They have changed their business model recently, working now mostly with a yearly subscription model. The sooner you subscribe to it, the higher the discount. Every month, they add pieces to the pack. I do have some individual pieces from a sales they ran at the end of 2020, on top of the subscription. I really like their art.
Dean and Grim Press are my favorite artists on DTRPG. There’s only one downside, which is not a big deal: since they’re so good and provide such great art at reasonable price, many people use their art. This means a lot of other products will feature similar art. However, I really don’t mind.
Art by Bob Greyvenstein, from Grim Press.
Sine Nomine Publishing (FREE!!)
Kevin from Sine Nomine does something really nice: he runs Kickstarters for some of his products and later on, puts the art for free for folks to use, even commercially. I really enjoy the art pieces from Godbound and Worlds without Numbers. Download them and make sure to credit the artists! If you ever read this Kevin, thank you for making your art available to us 🙂
Art by Ede Laszlo
Besides these, there are other artists whom you could consider for your projects. Some of those are considerably more expensive than the options above, like costing $ 50, but this is still cheaper than commissioning a piece.
James runs a nice Patreon with art depicting many of the locations shown in Wizard’s official modules, like Curse of Strahd, Rime of the Frostmaiden, etc. To be able to use his art commercially, you need to message him and pay him a one-time fee, which will give you access to his whole catalog! If you look at the price itself, it’s not exactly cheap, but dividing the price per the quantity of art you get, it’s a very good deal. I would only recommend this once you start seeing better financial results, though.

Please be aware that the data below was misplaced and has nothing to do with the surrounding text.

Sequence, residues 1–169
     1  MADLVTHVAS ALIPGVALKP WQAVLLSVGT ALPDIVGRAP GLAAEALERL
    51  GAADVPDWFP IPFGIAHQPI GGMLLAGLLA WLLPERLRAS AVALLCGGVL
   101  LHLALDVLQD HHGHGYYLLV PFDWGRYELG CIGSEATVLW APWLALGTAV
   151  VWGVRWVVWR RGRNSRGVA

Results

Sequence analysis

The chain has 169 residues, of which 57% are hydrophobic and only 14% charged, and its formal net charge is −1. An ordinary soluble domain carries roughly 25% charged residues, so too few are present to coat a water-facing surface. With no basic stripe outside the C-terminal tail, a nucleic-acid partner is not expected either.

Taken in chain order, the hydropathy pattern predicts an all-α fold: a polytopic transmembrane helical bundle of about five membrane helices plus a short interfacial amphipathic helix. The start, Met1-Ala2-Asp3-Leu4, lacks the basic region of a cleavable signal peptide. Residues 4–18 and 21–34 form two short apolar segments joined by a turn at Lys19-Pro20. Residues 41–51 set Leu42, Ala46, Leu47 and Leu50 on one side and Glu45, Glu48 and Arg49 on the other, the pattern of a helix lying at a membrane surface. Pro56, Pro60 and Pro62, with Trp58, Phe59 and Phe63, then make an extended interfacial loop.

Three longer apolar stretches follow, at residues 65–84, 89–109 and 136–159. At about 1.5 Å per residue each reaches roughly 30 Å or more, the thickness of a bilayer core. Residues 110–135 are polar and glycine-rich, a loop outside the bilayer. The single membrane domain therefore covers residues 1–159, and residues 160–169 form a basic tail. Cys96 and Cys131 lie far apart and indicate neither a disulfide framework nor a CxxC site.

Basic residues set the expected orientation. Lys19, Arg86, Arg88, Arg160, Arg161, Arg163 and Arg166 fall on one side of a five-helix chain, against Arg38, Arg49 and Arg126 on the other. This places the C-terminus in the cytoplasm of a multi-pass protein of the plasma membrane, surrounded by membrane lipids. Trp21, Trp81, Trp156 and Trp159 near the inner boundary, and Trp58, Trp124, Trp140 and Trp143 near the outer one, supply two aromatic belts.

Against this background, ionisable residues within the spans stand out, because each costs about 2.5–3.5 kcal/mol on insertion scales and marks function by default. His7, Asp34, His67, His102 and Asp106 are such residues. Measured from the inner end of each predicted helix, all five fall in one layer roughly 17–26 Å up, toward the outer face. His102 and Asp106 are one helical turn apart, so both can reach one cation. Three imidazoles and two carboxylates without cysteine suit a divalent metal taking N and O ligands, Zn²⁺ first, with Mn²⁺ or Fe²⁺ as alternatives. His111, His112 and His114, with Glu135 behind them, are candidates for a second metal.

Blue Water Inn in Vallaki, by James Webster.
Even when a page lacks art, I like to fill it with those stains from Corey Johnston at low opacity. Also, when I have some empty space and no specific art, I add those at 100% opacity.
Something else that I strongly recommend once you start getting consistent enough revenue (roughly $ 30 or more) is subscribing to one stock services like some of the ones mentioned below. I am subscribed to Adobe Stock, which I enjoy a lot. Shutterstock is better but a bit more expensive. With Adobe (and Shutterstock), you get 10 credits each months, which is a fair amount and should be enough for most of your projects.
Art by email@example.com
Once you start getting more consistent revenue, consider going for Adobe Stock/Shuttertock, Dean Spencer’s Patreon, and Grim Press yearly subscription. You can start with Adobe which has the best cost-benefit and move onto the others too. This should cost you roughly $ 35 per month. This means you must be making at least that amount with your sales, else you’d be losing money.
As your revenue grow, you can consider commissioning covers here and there. I would be careful with that as this can be quite costly. I usually commission covers when they’re too specific and I can’t find stock art for them. However I usually manage to come up with great covers using stock art (see below).
This is where I am at.